Northern England has its own distinct genre of crime fiction, yet it’s never taken off abroad the way its counterparts in Scandinavia and Scotland have. In The Guardian, AK Nawaz wonders why this is, arguing that “there is an argument for a common and marketable ‘Northernness’ – if not an identity, then perhaps a literary state of mind.”
“Think of landscape. Think of how elements come to be attached to one another, how it’s impossible to separate the road from the field, the field from the tree, the tree from the water, the water from the sky. We cannot attribute natural features to the lines we design just as we cannot attribute natural causes to those dying as they try to cross them.” For Tin House, Portuguese writer Susana Moreira Marques meditates on the concept of borders and Wolf Böwig’s photography project, “Borders and Beyond.”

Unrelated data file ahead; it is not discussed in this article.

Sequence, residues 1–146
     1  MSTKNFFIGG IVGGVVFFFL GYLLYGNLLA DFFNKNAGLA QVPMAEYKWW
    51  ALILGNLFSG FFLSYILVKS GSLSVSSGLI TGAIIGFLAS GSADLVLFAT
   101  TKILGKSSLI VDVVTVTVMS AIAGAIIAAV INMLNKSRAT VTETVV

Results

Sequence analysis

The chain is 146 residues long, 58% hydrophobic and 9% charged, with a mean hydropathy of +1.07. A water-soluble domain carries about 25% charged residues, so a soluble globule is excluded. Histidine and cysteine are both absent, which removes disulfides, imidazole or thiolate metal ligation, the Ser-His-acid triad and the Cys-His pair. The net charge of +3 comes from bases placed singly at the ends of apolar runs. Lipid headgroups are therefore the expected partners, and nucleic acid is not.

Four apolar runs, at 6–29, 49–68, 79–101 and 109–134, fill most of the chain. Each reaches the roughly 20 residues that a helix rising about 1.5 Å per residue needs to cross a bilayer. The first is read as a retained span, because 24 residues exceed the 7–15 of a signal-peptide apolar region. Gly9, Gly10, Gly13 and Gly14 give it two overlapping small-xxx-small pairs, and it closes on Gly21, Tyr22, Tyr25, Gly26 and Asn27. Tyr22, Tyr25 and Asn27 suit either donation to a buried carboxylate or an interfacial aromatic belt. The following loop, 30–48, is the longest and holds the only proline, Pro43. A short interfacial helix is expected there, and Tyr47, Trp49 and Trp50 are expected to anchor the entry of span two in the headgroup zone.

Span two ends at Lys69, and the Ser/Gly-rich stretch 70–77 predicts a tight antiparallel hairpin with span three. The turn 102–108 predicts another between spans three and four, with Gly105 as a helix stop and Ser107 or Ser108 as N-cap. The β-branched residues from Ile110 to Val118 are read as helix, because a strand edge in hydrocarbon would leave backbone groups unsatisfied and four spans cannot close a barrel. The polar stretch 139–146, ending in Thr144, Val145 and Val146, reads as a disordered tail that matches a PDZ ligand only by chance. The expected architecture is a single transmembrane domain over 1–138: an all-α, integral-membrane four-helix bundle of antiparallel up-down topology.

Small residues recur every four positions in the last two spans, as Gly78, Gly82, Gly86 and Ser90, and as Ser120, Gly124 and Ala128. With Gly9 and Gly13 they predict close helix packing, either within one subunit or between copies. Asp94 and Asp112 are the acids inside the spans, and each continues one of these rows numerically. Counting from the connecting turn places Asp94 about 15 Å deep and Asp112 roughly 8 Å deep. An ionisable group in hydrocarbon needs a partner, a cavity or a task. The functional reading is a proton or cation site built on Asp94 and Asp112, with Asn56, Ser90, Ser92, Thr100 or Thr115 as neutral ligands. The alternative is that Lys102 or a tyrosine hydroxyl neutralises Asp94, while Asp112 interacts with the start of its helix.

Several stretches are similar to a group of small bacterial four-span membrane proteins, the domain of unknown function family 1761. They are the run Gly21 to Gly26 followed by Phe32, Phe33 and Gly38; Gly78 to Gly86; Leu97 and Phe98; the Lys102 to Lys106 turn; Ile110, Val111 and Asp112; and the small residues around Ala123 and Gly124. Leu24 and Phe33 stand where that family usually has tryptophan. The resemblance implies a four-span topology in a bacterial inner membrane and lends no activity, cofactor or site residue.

New this week: Everything I Never Told You by Celeste Ng; Mambo in Chinatown by Jean Kwok; The Appetites of Girls by Pamela Moses; Shrink Thyself by the Letterman staff writer Bill Scheft; The Last Taxi Ride by A.X. Ahmad; and the Cambridge University Press edition of F. Scott Fitzgerald’s Taps at Reveille.